Leonardo da Vinci 2004
by Saadya Sternberg
Last fall I was invited to be a guest at a convention in Israel hosted by OASIS, a newly formed origami group headed by Ilan Garibi. I said yes despite the provision that I arrange my own travel. My hosts who included Ilan, Saadya Sternberg, and Boaz Shuval sweetened the deal with offers of fantastic tours, feasts, and comfortable lodgings. So I doubled down on their program. My daughter Avery accompanied me on what I consider the best introduction to an extremely diverse place, both culturally, and geographically. The convention on the shores of the Dead Sea in the Ein Gedi Hotel was the capital of friendly and fun. Here is what made this convention unique in my experience.
Really really old stuff. It is one thing for visitors to go a place with a few hundred years of history. My hosts showed Avery and me relics of early human history dating back 150,000 years. Ilan and Boaz took us to the caves of Nahal Me’arot near Haifa where Neanderthals and modern man may have overlapped. Saadya took us to a wadi in the Negev Desert near his home in Beersheva where Avery picked up Mousterian flint tools just like those we later saw featured in the Israel Museum as being 22,000 – 50,000 years old!
We also visited more contemporary ruins of 500-4000 years ago. My favorite was Caesarea on the coast north of Tel Aviv. There were buildings of Phoenicians, Romans, Pagans, Samaritans, Jews, Byzantine monks, Arabs, Christian Crusaders, Mamelukes, and Ottoman Turks on top of each other as one culture replaced another.
To get an understanding of its modern equivalent, we visited Jerusalem with Saadya. The Wailing Wall, the Dome of the Rock, and the Church of the Holy Sepuchre are almost a stone’s throw from each other.
Ultra modern. Look out over the rooftops in Israel and you will see solar hot water heaters. Forty percent of the drinking water is from desalination plants. Israel recycles 70% of its waste water. The country is the second most developed nation in terms of high tech industries, and its agriculture and design capabilities are world famous. This is a nation of over-achievers.
OASIS first convention group photo
Ilan with three fish he designed in 20 minutes.
Delicious. The OASIS convention was small enough to savor the talents of each of the 35 participants and 15 of their family members. All classes were conducted in English to honor us and Krystyna and Wojciech Burczyk from Poland. Besides the teaching of models, there were 5 lectures on how to design origami. Ilan taught how patterns that initially were designed for furniture ended up in wall decorations and cake molds. Yehuda Peled gave a lecture on circle packing to make his iris model. Saadya’s presentation on curve folding convincingly debunked some of the accepted theories on the subject. I gave a talk on how to take small steps at a time to design models. And Meital Komeny talked about how she manages to teach more than 700 students a week in skills such as making lamp shades.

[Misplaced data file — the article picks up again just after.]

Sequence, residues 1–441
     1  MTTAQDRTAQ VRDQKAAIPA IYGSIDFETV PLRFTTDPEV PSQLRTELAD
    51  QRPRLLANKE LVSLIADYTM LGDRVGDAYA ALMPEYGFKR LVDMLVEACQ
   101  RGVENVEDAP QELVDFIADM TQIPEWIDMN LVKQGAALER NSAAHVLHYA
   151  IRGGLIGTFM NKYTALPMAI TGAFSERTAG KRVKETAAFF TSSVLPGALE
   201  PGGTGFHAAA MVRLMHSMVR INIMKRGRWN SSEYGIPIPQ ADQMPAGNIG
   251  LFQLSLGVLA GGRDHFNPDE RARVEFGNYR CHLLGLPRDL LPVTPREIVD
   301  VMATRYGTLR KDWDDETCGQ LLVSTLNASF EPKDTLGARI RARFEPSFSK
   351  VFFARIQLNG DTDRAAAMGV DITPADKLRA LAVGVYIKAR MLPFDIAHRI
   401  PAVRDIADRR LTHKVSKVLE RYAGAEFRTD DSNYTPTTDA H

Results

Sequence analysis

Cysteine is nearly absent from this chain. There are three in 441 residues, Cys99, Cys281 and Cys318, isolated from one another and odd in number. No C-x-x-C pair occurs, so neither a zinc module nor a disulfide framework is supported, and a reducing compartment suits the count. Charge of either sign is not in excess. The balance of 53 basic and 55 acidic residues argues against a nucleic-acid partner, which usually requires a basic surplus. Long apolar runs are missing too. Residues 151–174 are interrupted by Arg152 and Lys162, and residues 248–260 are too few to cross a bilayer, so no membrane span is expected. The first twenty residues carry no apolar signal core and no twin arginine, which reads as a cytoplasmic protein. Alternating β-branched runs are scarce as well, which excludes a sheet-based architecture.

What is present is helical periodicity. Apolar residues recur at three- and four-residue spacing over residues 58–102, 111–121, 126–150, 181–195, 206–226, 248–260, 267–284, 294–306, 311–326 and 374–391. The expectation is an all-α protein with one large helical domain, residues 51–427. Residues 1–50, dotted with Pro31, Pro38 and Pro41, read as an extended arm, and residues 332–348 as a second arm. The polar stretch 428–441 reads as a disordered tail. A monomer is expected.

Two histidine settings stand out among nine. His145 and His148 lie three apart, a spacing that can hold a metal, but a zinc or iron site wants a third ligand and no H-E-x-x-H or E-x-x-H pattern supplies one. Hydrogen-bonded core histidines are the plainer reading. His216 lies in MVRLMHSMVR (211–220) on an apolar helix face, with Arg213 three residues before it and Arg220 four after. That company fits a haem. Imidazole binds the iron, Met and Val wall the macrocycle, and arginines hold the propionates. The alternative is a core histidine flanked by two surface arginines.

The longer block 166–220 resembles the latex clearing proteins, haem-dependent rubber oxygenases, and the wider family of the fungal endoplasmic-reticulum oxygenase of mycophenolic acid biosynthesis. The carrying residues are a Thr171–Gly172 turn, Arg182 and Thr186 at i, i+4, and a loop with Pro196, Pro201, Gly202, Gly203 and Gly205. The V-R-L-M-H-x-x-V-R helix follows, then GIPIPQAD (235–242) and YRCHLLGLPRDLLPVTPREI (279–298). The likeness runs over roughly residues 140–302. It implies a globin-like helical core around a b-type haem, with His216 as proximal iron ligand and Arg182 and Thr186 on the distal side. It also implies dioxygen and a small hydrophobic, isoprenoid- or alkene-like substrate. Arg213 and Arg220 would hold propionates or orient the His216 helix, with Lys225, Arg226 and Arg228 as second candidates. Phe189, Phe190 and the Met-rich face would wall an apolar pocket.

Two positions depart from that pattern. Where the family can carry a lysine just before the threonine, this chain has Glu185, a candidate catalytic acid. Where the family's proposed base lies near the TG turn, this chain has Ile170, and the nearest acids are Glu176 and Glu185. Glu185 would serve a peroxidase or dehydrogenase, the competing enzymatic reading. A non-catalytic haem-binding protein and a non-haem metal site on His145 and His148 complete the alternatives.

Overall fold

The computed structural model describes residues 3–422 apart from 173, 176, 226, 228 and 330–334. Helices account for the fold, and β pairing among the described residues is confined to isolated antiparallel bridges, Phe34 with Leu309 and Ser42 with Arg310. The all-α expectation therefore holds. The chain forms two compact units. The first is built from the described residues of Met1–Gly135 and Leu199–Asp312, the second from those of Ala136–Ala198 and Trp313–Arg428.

No convention description is complete without a note on food. Like the setting, it was diverse. Breakfast is the major meal of the day in Israel. And it includes salads, cheeses, and fruits of every description. At lunch Ilan taught me that we have to eat pre-dessert, followed by dessert, meta-dessert, and then post-dessert. This was a metaphor for every day of the convention. At dawn ibex climbed the steep walls of the wadi to eat the botanical garden of our hotel. During mid morning Ilan presented everyone with the world’s first electric-powered paper airplane, the best convention give-away ever! During the afternoon dessert, I learned from 85 year-old Herman Mariano that I might try folding my models in a week instead of several hours to achieve a better look. And at night the mountains of Jordan that were lost in the haze over the Dead Sea come alive with lights to remind us that we were just passing through a place of profound history.
Bernie: “First person that sees a wild ibex gets $20”
Avery: “You mean like those over there in the hotel garden?”
photo by Alexandra Nurenberg